Sunday, September 23, 2018

HumBug: Two Killers and a Charmer

Posted By on Sun, Sep 23, 2018 at 11:17 AM

click to enlarge Gray-eyed mantis eyes the camera. - PHOTO BY ANTHONY WESTKAMPER
  • Photo by Anthony Westkamper
  • Gray-eyed mantis eyes the camera.

The insect season is winding down. The imported species of praying mantis, (Mantis religiosa) are mature now and can occasionally be seen flying. Insects only get fully developed wings in their final molt. Although there are some exceptions, mantises aren't among them. Flying, they look like less agile dragonfly. The four wings and size are about right, but there are no quick turns going after prey. They fly to get some place. Their hunting is done by ambush, not flight. Mantises are always photogenic. So when one flew overhead and landed in my front yard I got out a camera.

This species comes in either tan or green. This specimen was one of the tan ones. Mantids have the unnerving ability to turn their head and look directly at you. This one though had something unique about it. Its eyes were gray. Checking my image archive all the other ones I've seen all had eye color that matched their body. Why this one was different is a mystery to me.
click to enlarge Robber fly dines on another species of fly. - PHOTO BY ANTHONY WESTKAMPER
  • Photo by Anthony Westkamper
  • Robber fly dines on another species of fly.

Another large killer with wings that was out this week is the robber fly (family Asilidae). As lethal as the mantises hiding in the vegetation are, the robber is a killer on the wing. Taking prey on the wing as large or even larger than itself. Although not aggressive toward us, they can deliver what I understand is a very painful bite of mishandled.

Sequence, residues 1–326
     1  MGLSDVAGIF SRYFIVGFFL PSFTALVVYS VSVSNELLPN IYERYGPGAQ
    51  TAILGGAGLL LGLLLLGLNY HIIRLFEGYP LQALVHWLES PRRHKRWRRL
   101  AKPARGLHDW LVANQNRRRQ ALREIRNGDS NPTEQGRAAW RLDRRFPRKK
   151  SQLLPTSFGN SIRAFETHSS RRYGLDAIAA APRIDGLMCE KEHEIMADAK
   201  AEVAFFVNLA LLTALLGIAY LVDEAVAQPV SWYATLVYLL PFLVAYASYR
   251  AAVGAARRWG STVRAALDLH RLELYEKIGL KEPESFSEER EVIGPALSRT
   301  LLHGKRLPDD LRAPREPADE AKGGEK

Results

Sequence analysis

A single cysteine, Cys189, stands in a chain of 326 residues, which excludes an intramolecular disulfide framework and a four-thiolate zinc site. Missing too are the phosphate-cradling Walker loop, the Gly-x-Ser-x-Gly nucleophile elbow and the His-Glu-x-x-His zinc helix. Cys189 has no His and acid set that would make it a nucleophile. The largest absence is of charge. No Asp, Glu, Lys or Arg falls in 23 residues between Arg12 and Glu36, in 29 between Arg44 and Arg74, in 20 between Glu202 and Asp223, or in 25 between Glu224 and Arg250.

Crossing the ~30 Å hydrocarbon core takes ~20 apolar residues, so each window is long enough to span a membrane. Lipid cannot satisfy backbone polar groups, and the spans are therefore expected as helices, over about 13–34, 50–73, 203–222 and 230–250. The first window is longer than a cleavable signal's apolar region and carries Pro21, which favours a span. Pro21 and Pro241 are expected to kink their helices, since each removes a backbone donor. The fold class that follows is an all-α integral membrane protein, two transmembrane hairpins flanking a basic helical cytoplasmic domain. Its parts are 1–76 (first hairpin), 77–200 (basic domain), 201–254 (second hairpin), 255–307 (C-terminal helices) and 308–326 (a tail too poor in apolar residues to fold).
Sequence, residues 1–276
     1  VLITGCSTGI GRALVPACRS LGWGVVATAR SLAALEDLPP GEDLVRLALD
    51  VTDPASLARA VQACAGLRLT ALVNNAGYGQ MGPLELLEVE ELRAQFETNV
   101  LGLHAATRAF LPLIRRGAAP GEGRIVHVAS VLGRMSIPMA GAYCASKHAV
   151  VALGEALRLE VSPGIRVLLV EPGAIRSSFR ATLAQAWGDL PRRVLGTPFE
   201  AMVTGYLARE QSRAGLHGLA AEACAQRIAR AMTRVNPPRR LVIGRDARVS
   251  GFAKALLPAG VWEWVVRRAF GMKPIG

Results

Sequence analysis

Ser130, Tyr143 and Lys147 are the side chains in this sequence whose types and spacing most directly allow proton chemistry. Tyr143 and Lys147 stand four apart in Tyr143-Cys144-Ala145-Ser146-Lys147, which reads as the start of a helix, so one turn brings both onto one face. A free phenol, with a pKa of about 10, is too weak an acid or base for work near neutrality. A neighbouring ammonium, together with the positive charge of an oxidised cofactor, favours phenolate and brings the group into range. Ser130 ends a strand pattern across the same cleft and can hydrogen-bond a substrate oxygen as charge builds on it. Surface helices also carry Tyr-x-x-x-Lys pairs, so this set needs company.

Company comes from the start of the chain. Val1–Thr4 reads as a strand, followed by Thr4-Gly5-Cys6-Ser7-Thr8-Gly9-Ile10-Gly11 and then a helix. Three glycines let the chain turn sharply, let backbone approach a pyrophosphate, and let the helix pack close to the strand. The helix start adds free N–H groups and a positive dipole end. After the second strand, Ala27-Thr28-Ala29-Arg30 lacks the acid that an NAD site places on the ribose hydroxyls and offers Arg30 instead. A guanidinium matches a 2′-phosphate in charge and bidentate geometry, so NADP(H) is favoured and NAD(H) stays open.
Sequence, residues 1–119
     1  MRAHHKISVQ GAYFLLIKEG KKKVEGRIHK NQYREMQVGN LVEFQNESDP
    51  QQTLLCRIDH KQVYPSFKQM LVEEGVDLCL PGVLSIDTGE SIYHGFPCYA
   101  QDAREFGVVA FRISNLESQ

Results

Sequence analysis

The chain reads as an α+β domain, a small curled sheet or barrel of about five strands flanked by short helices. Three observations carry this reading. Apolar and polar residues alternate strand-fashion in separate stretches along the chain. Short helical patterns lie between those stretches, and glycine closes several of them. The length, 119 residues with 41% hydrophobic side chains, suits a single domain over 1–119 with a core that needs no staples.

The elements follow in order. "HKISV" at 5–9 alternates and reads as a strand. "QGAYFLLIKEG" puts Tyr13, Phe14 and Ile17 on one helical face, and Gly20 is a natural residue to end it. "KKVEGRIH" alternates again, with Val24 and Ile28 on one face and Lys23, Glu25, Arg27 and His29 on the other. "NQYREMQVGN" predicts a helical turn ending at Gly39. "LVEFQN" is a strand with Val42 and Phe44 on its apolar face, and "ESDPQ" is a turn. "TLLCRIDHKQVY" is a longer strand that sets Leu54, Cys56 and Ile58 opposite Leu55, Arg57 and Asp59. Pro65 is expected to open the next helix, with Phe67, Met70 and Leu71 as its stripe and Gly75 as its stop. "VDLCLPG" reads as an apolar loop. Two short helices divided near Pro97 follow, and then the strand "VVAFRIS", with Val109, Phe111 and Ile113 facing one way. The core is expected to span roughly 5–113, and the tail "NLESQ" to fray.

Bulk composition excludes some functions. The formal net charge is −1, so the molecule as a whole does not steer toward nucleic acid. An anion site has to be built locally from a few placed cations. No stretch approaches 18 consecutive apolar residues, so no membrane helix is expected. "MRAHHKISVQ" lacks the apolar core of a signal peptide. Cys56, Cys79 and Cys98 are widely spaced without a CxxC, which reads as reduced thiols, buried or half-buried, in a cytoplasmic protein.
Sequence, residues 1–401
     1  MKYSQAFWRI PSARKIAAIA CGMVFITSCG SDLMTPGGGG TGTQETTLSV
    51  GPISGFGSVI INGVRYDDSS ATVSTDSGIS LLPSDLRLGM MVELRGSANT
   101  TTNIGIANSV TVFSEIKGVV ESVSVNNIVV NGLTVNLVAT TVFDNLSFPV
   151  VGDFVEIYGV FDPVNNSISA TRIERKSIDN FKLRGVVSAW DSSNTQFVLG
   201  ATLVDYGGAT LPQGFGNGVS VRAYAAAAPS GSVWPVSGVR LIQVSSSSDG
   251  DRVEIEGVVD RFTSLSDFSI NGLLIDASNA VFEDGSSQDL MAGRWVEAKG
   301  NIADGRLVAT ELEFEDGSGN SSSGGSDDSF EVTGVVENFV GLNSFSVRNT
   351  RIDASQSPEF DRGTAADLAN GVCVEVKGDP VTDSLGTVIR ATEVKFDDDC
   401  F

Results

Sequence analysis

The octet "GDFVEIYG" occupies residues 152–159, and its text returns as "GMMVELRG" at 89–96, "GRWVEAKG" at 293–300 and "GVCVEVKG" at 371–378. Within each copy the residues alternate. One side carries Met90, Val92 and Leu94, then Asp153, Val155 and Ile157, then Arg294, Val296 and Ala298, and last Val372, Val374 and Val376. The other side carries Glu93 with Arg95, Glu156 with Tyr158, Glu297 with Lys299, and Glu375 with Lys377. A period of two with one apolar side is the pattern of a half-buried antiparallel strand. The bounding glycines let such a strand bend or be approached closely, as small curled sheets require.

click to enlarge This suave little guy in the prison stripes made a beeline for the naked ladies. - PHOTO BY ANTHONY WESTKAMPER
  • Photo by Anthony Westkamper
  • This suave little guy in the prison stripes made a beeline for the naked ladies.

Watching the Amaryllis belladonna, aka naked ladies, in my front yard I noted a moderate sized, extremely quick, starkly black and white striped bee. It was so agile it took a lot of exposures to get a few good images. Later, the photos showed it to be an urbane digger bee (Anthophora urbana). A solitary species these little bees dig holes in the ground and line them with a waterproof material they secrete to protect their offspring as they develop.
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